It's easy to believe that one day, when you have accomplished some specific goal, then you will be happy. That the goal will make you happy. While that way of thinking may be motivating, it's also fundamentally flawed, says Brian Wong.
"Happiness and success are two very different things," he tells CNBC.
Wong knows what success looks like. He's 26 and CEO of Kiip, the mobile advertising company he founded. Kiip is on track to do more than $20 million in revenue for 2017 and works with mega companies including McDonald's and Coca Cola.
Wong graduated from college at 18 — the age at which most people are just starting. (He skipped four grades in primary school and graduated high school at 14.) He launched Kiip at just 19, and at the ripe old age of 20, he was a self-made millionaire. He's also an author. Wong wrote about his tips to success in his book, "The Cheat Code. "
But success means more than an impressive resume to Wong. Success means having freedom to follow your fancy, he says.
"Being successful is having the freedom and the options available to you to do anything and everything you want," says Wong, who insists — "this isn't just money."
"You could have all the money in the world, but if you don't have the right person to call or the right set up to travel or the freedom to delegate or to find the right person to help you with this, you end up being stuck," he says.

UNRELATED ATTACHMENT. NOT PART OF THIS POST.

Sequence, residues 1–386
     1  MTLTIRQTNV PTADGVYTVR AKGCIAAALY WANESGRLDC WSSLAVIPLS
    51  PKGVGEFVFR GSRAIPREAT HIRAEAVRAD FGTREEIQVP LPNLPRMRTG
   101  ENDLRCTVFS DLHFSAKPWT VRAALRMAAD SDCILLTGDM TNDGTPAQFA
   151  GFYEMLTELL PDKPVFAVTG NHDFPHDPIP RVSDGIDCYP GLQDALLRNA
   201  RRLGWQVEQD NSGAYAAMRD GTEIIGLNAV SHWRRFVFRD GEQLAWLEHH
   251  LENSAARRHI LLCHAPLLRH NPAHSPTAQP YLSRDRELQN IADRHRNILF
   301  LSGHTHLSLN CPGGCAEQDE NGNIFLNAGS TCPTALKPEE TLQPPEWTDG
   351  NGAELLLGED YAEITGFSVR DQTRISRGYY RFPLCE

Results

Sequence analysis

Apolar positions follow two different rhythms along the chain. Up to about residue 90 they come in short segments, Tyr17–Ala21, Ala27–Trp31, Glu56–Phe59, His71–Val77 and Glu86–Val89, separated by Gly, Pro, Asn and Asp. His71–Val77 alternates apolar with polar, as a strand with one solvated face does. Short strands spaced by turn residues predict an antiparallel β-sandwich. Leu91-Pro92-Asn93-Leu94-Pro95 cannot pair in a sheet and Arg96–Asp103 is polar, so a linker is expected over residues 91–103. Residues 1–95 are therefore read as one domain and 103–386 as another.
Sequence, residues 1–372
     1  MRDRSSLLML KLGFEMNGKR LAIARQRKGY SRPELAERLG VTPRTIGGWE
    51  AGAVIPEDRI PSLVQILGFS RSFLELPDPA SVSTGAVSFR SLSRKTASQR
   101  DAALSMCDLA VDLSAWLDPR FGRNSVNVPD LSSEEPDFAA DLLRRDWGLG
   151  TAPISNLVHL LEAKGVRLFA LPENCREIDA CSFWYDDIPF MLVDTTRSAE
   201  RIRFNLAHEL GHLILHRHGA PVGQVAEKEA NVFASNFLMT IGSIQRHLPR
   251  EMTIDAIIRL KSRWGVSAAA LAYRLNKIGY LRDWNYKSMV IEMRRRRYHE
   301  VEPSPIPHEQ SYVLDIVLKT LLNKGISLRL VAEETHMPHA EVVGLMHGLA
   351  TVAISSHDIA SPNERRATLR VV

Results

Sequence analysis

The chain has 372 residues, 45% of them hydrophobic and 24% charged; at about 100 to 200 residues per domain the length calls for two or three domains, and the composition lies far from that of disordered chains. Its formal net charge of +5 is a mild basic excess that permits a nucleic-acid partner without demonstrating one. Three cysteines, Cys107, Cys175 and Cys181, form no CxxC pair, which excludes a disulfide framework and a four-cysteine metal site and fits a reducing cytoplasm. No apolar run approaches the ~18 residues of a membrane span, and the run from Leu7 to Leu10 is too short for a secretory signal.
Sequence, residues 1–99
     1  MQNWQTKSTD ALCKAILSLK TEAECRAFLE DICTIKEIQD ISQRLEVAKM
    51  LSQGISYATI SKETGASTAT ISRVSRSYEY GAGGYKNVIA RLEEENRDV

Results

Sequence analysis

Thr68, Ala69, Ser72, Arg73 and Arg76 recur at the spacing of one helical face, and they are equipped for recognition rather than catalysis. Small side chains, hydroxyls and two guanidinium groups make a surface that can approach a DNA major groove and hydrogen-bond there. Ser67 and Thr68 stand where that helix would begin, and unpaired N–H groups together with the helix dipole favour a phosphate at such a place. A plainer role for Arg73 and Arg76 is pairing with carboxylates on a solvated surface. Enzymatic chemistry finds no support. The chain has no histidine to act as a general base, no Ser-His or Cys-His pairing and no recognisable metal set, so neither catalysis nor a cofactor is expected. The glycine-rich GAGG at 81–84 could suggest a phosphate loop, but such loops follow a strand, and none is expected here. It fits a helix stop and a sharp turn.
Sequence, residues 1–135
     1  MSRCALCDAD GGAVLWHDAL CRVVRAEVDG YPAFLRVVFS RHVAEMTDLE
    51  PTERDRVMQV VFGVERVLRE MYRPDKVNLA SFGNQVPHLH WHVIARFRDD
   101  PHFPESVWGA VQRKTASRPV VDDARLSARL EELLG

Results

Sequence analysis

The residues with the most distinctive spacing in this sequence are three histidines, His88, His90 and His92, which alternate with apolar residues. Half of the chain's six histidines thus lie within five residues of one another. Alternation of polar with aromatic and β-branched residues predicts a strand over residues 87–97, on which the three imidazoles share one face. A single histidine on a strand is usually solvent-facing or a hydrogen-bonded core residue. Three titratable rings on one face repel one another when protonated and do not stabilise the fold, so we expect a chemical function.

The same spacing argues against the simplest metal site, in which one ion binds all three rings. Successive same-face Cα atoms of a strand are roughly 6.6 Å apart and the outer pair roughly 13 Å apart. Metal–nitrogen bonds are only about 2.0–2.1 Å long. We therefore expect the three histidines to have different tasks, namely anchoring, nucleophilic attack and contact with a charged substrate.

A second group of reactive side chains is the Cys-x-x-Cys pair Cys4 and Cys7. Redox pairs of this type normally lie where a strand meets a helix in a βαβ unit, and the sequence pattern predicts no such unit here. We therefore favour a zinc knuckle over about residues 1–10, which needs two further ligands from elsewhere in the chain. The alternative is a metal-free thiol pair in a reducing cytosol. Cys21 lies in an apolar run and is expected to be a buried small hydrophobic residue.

"When you have as much optionality around you as possible, you're never stuck, and that is what I think is the most conducive to what is defined as ... 'success.'"
Happiness, meanwhile, is dependent on a combination of internal factors, which can be harder to attain.
First, happiness means having some level of satisfaction with your life. Also, it means having self-confidence and a personal support network of friends and loved ones, says Wong.
"To be happy in my opinion is to have a combination of satisfaction and emotional support both within and and outside," he says.
"Emotional support within is of course your own peace with yourself yourself — how secure you are, how you feel about your current situation.
"And then outside: Are people around you that can make you happy, keep you happy and if you aren't happy, to help address those things and that you can have that healthy dialogue with?"
Entrepreneurs, in particular, need to be sure they have emotional safeguards in place to help them weather the tumult of launching a business.
"This is really a conversation about mental health, because as an entrepreneur there's a lot of moments where you are questioning yourself and then there are also are moments where you're down emotionally on yourself," says Wong. "But it's not just an internal struggle, it's always important to have people around you that can help make sure that you're lifted."